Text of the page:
DENVER -- The Rockies made a somber return to the ballpark on a rainy Friday for their first home game since team president Keli McGregor died suddenly during a business trip to Salt Lake City.
The weather forced postponement of their game against the Florida Marlins, which was rescheduled as part of a doubleheader Saturday.
Manager Jim Tracy, addressing reporters before the game was called off, wore jeans and the purple fleece McGregor gave to him during spring training rather than his uniform. He said he was struck by the irony of returning home from a weeklong trip with the team at 8-8 overall and then seeing McGregor's Colorado State football jersey, No. 88, hanging in the dugout.
"I think we realize that we have to continue, because that's what he would want us to do," Tracy said. "But I'm not going to sidestep the fact that these next few days here, it's not going to be easy. There's nothing about them that's going to be easy.
"We haven't just lost a good person. We've lost a giant," Tracy said.
McGregor, 48, was with the Rockies' organization for 17 years, becoming team president in 2001. A star tight end in college who also played briefly in the NFL, McGregor helped build a Rockies team that has gone to the postseason twice in the past three years, including its first trip to the World Series in 2007.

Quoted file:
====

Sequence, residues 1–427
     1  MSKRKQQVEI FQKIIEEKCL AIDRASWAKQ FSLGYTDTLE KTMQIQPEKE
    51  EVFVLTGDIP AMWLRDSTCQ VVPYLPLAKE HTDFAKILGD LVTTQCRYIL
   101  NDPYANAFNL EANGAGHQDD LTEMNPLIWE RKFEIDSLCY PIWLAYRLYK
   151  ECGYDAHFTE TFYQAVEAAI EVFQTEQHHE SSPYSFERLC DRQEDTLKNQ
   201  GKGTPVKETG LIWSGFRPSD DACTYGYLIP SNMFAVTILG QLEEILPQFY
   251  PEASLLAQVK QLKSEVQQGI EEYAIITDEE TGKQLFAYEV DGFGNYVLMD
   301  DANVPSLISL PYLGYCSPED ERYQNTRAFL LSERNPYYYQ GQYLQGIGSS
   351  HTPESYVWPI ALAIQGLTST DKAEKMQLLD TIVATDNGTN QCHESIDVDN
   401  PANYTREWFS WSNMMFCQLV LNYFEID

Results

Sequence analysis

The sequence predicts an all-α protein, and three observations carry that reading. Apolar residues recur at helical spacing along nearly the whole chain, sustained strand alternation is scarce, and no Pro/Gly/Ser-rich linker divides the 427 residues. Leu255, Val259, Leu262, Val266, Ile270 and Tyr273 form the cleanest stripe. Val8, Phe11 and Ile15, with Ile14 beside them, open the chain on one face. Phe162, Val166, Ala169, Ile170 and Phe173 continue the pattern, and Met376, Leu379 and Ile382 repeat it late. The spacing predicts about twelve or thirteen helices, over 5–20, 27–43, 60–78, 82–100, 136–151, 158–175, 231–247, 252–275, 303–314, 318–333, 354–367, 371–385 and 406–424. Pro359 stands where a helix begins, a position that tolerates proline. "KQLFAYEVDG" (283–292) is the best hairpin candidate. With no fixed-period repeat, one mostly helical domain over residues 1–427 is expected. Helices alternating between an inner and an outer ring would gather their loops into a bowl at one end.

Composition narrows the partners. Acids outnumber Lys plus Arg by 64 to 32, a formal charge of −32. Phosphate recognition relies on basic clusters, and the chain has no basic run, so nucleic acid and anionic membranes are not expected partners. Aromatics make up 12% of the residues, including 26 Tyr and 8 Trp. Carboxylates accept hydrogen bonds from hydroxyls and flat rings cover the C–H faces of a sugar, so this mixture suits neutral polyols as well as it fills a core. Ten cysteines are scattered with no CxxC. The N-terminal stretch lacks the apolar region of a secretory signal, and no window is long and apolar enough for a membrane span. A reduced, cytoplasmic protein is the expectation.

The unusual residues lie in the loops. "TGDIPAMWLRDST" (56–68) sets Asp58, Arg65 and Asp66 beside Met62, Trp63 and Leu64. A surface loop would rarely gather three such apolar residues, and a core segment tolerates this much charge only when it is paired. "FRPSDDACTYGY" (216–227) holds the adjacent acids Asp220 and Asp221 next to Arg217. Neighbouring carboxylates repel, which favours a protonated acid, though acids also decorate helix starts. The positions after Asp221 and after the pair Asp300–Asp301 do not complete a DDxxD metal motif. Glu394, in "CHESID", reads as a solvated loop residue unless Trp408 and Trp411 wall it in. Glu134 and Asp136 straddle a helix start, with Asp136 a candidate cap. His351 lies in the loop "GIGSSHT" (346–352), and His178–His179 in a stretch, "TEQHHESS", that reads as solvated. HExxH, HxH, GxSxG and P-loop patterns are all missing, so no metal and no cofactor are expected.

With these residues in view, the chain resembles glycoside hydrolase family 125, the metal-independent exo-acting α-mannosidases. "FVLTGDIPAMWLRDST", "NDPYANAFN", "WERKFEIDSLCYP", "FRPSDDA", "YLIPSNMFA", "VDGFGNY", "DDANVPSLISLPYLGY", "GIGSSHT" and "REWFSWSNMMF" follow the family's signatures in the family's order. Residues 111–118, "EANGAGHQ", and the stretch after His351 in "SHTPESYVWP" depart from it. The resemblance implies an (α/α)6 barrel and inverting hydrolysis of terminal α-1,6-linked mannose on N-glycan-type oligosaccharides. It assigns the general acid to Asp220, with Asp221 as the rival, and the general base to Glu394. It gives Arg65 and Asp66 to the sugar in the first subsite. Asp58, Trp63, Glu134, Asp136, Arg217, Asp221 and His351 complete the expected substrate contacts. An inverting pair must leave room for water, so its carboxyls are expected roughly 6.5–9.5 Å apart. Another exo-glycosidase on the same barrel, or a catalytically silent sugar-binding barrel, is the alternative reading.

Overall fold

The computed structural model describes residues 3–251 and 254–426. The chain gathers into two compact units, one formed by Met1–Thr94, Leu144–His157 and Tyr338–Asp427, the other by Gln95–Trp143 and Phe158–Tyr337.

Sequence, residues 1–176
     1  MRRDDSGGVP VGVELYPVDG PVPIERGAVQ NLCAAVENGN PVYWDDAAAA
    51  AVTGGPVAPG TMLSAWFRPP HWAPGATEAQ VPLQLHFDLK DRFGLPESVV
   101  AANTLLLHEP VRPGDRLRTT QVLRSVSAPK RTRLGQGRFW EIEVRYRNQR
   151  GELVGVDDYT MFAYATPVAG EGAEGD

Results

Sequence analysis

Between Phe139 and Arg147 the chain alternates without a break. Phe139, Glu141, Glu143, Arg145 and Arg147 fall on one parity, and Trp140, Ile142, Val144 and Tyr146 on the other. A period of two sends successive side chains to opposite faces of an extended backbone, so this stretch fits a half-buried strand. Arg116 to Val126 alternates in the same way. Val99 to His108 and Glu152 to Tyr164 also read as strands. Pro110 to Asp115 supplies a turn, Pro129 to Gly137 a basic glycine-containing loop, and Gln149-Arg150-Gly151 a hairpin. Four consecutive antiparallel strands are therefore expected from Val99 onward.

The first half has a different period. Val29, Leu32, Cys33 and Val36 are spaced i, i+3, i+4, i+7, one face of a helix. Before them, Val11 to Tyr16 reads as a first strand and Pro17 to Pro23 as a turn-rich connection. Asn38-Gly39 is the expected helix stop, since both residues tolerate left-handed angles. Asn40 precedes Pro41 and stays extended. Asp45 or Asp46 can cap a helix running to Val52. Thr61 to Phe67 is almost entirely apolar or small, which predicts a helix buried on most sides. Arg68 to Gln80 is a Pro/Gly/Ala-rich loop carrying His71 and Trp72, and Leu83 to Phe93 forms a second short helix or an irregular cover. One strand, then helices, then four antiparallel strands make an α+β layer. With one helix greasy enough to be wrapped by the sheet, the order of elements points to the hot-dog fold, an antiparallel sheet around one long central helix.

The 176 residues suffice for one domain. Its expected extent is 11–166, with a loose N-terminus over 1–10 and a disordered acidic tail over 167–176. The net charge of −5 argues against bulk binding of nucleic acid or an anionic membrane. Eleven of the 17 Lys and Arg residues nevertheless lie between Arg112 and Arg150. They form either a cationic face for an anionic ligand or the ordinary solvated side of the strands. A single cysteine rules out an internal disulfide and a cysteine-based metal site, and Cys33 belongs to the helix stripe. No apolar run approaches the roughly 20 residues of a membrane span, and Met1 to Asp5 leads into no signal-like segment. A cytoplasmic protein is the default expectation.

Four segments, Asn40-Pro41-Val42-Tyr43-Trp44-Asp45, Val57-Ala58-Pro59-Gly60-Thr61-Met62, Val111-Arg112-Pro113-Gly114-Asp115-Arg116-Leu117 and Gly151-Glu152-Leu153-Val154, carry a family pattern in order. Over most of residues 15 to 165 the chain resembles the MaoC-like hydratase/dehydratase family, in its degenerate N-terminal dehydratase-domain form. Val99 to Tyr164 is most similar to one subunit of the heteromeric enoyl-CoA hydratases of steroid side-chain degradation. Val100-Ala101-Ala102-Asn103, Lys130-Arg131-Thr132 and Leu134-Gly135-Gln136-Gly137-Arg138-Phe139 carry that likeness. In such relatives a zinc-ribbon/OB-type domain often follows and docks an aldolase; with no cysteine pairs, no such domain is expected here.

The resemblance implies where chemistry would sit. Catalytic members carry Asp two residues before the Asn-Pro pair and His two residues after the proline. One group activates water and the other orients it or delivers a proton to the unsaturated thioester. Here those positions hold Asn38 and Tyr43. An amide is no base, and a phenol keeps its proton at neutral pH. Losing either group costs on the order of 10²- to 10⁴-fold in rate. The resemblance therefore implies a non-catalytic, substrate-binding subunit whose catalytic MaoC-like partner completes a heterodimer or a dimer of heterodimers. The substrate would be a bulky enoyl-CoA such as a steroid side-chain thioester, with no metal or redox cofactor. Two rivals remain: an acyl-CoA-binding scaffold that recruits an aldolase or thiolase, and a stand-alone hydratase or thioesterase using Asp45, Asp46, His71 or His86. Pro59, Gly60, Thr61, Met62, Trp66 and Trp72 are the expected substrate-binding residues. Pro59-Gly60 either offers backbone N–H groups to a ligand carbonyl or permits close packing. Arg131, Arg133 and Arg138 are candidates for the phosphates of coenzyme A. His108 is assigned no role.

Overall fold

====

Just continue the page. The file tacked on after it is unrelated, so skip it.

He was found unconscious in a hotel room Tuesday and later pronounced dead. Salt Lake City police have said there were no signs of foul play, and the medical examiner's office will determine cause and time of death.
A morning memorial service for McGregor is scheduled for Sunday at Coors Field. The starting time of the team's game with the Marlins that day has been pushed back two hours to 3:05 p.m.
Tracy reflected on an emotional week for the team that included the throwing of a no-hitter by Ubaldo Jimenez in Atlanta -- the first no-hitter in the Rockies' 18-year history -- and the devastating news of McGregor's death Tuesday as the team prepared for a game at Washington, which it won.
"Think about the different ends of the spectrum we've been on," he said, shaking his head.
McGregor was close with many of the players and coaches, and the team's general manager, Dan O'Dowd, spoke to the squad in the clubhouse about his death.
"I think it was improtant for us and I think it was important for him," Rockies pitcher Aaron Cook said. "It's a tough time. Nobody knows what to stay or what to do when tragedy like this happens, but he came down and stood in front of us and kept his emotions together and just kind of shared with us.
"What he said was for us. It's in house. It's still really close to the tragedy happening, but I think that something like this starts to go a long way in the healing process, being able to talk and share stories."